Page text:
This raises two important points. When I bring up people like Evans and Blake and Patzke--and we could now add names like Mike Young and Brent Abernathy--I'm bringing up a collection of players with good track records as hitters. None of them has gotten a shot at major-league playing time and all of them should have been internal improvements on the second-base problem, either by playing it themselves or by taking over at third base and letting Tony Batista move over to second base.
Evans barely has 100 plate appearances in a major-league uniform spread over three different seasons, a meaningless sample in the context of his career. He is a great example of the kind of player that a good team capitalizes on and which a bad team ignores, because his skills are ones that don't excite rotoheads or several major-league GMs: he's a walker and a slick glove at the hot corner. Would a Tom Evans or a Brent Abernathy or even Jeff Patzke make all the difference for the Jays? I'm willing to say yes, because the Jays' lineup has problems getting on base and that's Tom Evans's core skill.
Clearly, most of the guys whose names I'm bandying about aren't going to get the opportunities they earned with years of good play in the minors. But when the alternative is the worst collection of second basemen in baseball, I'd be more than happy to take a chance on players with useful skill sets over Gord Ash's dubious taste in retreads. If there's a basic problem here, it's Ash's inability to build a good collection of supporting players to lend a hand to the obviously talented core.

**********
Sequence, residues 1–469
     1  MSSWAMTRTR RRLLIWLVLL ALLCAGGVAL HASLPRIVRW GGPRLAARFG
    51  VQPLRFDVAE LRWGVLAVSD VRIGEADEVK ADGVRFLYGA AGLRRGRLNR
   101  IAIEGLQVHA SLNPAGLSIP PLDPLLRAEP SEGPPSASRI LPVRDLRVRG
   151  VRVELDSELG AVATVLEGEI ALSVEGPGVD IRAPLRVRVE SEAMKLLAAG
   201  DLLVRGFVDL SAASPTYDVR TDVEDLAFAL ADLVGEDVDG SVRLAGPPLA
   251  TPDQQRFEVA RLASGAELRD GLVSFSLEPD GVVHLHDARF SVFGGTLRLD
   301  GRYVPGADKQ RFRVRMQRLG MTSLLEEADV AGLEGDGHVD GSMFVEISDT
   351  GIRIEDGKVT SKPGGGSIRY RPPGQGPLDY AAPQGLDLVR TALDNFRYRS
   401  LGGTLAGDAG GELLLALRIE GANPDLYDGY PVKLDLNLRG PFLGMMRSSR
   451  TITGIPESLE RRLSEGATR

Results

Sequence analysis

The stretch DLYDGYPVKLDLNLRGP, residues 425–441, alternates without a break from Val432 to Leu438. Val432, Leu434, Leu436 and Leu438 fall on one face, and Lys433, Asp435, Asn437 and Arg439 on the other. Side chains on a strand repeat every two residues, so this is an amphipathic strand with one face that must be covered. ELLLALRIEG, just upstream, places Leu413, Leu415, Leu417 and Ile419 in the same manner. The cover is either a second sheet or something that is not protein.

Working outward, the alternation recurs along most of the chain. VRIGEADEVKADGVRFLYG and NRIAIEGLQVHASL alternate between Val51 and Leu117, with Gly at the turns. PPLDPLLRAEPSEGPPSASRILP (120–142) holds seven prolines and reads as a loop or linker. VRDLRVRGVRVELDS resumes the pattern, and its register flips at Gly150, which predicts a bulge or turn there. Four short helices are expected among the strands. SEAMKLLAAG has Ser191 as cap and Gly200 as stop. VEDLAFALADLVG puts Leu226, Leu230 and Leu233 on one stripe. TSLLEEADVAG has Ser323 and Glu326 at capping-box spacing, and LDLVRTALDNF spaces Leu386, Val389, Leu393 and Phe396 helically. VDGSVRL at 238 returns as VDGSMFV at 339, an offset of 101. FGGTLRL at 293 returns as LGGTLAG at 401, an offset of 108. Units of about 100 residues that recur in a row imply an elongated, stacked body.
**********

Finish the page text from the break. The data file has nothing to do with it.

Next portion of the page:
The second point is the issue of the Jays' pitching problems. While the collapses of Chris Carpenter and Roy Halladay deserve full treatment in an essay of their own, the Jays' pitching isn't nearly as much of a problem as it was a month ago. The current rotation of Jumbo Wells, a reborn Frank Castillo, Steve Trachsel, Kelvim Escobar and Esteban Loaiza is the best they've had all season.
The bullpen is another story, as there are currently only four pens doing worse on the season: the Astros, Cardinals, Padres and Orioles. A major problem has been the absence of a reliable right-handed middle man, and the most positive thing you can say is that maybe Carpenter turns into that pitcher.
As much as the Jays excite feelings of respect for their core talent and disgust for their failure to stock up on solid supporting players, they still have a very good shot at the American League wild card. They're competing with the Indians and the Athletics for it, though, and I don't realistically expect them to finish ahead of either of those teams. But they are in the position to challenge for the postseason, and building a better roster this year, as last year and as the year before, would help.
For me, the lesson the Jays represent is simple: if you give Gord Ash ways to come up short on the details, he seems to find them. Shame on me for forgetting about it, and for having to relearn this painful lesson in consecutive years.
Chris Kahrl can be reached at firstname.lastname@example.org.